To combat land degradation and fight poverty, the Chinese government has launched a number of ecological projects in southern China.
Recently, researchers from the Institute of Subtropical Agriculture (ISA) of the Chinese Academy of Sciences, together with collaborators from home and abroad, identified different forest and land management strategies as well as their biomass carbon sinks from 2002 to 2017 in southern China by combing optical and low frequency passive microwaves satellite data. They also evaluated soil moisture trends from 2010 to 2017 for this area.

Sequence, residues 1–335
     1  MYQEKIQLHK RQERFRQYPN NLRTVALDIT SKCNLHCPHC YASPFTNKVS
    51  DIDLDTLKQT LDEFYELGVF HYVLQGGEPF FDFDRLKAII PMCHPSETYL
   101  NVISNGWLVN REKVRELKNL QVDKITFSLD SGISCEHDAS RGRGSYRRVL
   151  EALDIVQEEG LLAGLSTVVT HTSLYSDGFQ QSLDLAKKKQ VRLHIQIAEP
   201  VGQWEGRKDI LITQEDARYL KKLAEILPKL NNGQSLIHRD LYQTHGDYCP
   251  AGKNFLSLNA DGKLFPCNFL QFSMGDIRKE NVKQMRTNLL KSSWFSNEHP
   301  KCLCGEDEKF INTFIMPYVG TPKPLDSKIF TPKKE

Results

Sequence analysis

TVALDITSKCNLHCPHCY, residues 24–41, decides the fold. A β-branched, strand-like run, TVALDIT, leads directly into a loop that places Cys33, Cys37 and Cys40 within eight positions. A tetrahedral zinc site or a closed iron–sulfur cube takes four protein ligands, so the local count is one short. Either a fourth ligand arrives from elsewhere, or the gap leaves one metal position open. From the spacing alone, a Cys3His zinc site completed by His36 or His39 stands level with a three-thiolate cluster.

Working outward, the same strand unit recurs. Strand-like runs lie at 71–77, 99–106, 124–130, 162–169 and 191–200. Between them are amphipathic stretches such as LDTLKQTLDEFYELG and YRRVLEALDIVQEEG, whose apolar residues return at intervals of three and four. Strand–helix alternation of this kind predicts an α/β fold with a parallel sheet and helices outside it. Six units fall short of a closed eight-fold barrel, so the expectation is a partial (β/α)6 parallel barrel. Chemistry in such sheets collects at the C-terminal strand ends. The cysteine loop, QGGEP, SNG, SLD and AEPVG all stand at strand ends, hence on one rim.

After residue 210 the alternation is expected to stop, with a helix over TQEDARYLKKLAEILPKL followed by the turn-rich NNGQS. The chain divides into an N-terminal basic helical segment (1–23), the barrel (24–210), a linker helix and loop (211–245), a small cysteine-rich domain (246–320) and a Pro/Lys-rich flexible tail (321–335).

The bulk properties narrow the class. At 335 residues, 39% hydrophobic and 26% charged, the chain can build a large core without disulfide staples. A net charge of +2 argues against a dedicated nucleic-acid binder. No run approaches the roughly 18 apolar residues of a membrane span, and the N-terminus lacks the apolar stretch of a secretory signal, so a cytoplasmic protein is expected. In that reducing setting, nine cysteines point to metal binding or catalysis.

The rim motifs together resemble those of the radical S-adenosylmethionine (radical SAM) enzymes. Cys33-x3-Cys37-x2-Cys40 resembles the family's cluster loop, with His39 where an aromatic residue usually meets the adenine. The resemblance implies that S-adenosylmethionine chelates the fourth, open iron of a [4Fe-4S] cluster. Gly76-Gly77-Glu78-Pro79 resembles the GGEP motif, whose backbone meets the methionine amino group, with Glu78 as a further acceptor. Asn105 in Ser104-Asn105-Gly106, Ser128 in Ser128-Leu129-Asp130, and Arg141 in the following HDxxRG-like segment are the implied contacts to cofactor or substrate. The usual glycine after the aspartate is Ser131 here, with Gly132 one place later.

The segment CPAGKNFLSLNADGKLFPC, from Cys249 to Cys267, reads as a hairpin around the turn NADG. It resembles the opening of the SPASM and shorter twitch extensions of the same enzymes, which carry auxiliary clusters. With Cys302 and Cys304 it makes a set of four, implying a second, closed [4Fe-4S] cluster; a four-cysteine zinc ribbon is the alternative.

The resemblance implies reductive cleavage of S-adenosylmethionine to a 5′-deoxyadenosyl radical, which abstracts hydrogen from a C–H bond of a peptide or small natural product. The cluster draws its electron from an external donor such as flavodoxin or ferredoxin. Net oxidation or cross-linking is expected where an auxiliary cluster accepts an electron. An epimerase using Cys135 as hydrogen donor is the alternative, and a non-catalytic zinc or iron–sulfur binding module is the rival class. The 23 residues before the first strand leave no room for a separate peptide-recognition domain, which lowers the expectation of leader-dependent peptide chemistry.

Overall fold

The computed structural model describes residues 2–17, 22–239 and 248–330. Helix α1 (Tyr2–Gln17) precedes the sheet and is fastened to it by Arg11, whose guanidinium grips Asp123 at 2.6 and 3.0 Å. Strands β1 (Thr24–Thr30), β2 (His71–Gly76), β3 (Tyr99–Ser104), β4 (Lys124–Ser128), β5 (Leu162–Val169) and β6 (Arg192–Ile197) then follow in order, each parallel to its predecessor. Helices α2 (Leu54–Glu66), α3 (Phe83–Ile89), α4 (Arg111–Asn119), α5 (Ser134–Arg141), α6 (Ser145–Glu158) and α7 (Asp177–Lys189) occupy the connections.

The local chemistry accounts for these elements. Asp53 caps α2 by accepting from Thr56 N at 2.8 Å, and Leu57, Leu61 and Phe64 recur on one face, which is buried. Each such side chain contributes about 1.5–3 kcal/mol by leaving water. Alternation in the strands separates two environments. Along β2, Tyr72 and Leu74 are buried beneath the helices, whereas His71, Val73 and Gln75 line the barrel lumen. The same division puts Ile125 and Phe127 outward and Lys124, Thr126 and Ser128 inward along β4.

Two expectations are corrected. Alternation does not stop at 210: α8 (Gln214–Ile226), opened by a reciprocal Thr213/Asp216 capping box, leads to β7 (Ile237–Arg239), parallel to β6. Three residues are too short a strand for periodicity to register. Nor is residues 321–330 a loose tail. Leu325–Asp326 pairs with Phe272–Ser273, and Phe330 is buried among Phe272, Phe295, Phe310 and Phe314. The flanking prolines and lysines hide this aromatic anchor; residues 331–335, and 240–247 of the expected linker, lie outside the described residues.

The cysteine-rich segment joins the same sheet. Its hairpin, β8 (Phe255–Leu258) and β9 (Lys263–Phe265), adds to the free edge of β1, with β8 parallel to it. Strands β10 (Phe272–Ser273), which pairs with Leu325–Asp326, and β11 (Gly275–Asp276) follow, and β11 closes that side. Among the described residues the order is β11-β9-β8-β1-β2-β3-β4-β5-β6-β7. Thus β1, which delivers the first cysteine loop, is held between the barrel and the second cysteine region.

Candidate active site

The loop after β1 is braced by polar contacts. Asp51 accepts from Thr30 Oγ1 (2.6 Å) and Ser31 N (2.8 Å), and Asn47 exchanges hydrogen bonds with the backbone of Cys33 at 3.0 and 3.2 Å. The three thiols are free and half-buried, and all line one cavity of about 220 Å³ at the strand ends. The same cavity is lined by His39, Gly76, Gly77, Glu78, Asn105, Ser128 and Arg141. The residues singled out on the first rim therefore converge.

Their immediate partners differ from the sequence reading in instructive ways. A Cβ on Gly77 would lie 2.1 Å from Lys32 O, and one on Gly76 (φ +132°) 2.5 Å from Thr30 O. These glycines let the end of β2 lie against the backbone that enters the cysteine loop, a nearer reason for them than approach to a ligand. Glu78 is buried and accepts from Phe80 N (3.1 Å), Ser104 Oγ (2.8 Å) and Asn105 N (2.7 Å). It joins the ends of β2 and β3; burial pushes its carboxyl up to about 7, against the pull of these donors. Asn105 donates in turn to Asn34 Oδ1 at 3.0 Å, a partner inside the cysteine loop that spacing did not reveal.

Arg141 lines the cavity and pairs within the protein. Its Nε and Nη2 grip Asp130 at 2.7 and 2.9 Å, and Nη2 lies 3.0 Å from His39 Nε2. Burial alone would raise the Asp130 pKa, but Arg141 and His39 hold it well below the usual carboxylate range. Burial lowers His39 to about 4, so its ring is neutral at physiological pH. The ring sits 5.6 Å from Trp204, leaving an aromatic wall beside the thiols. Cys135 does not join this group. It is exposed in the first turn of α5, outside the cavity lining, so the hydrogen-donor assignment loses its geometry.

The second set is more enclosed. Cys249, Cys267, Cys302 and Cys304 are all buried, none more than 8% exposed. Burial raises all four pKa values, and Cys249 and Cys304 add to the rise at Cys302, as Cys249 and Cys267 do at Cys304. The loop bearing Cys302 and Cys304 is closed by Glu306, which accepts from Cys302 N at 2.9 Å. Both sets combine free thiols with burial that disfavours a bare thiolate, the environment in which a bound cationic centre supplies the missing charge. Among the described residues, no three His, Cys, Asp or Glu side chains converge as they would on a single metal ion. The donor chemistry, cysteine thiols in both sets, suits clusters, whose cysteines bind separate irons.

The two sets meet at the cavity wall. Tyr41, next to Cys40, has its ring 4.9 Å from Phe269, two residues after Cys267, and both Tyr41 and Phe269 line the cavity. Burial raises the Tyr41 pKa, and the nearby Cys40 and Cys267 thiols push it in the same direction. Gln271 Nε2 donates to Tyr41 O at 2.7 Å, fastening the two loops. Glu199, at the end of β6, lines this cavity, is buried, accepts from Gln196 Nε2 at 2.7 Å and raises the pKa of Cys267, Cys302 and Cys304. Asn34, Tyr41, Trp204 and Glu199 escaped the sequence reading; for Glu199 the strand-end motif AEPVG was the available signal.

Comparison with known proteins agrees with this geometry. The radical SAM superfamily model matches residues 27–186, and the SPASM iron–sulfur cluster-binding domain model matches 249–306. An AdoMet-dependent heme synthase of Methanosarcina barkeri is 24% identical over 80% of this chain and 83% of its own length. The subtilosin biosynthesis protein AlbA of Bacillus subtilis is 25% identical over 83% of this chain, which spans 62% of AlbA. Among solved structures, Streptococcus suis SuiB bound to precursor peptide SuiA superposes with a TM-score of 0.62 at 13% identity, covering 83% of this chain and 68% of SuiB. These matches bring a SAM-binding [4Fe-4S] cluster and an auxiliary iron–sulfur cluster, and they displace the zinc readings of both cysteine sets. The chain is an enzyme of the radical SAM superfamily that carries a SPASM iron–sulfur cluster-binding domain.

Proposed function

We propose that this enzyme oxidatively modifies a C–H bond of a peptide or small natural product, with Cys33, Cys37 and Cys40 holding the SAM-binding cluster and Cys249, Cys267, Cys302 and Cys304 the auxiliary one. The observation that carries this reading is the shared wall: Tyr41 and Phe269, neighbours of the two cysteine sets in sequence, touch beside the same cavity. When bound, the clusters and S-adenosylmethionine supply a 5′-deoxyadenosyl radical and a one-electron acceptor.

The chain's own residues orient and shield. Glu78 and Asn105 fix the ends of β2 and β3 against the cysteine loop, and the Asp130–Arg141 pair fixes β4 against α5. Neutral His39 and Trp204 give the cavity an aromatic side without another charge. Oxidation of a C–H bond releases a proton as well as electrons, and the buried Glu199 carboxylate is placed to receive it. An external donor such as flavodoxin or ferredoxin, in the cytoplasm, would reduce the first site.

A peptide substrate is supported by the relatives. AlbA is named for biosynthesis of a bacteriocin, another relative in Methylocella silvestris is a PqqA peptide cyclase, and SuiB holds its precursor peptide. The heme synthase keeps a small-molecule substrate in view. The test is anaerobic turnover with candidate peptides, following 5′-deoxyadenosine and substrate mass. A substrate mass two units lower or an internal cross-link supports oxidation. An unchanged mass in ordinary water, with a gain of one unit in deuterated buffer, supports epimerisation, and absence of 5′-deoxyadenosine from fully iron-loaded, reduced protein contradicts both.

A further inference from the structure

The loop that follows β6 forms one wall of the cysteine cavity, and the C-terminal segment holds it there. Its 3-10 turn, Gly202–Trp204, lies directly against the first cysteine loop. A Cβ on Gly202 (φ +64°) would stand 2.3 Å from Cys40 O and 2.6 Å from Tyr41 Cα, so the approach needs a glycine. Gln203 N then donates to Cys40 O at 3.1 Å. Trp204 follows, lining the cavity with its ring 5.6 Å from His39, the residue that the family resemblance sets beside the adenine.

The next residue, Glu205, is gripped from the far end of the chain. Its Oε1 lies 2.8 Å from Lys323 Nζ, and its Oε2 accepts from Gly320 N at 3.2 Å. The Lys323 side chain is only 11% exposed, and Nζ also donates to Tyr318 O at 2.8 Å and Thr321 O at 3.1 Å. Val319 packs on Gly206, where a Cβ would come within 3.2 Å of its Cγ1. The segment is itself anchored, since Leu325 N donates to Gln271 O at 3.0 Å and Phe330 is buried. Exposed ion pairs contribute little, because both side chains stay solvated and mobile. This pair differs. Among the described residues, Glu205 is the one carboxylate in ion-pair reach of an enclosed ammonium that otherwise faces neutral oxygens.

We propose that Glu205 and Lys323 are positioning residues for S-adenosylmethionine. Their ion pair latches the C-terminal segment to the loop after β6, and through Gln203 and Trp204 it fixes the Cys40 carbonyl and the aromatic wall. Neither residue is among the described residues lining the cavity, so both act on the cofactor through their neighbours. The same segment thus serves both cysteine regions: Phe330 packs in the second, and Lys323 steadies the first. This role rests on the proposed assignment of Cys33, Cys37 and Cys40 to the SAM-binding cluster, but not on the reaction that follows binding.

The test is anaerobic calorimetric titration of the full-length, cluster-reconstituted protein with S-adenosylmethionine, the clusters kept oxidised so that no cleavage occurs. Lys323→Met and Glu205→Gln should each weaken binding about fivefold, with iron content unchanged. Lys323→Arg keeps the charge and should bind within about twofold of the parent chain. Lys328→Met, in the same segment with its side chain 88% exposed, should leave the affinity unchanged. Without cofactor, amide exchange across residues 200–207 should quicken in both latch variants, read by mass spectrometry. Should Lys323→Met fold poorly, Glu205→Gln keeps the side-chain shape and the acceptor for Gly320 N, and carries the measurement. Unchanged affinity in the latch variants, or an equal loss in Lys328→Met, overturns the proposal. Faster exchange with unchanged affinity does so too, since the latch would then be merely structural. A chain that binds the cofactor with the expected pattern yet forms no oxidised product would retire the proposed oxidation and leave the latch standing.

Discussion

Mitigating climate change while improving people's life is a big challenge in the 21st century. Forestation can generate income and sequesters carbon in tree biomass, which is considered a possible way to limit global warming. However, the competition for land between forestation and food production increases with population growth.
Moreover, large-scale forestation can induce negative ecological effects. For example, the high water demand of new plantations can decrease soil moisture and renewable freshwater resources. However, neither the carbon sequestration of different forestation types nor their impact on soil water is well known.
Continue reading at Chinese Academy of Sciences
Image via Chinese Academy of Sciences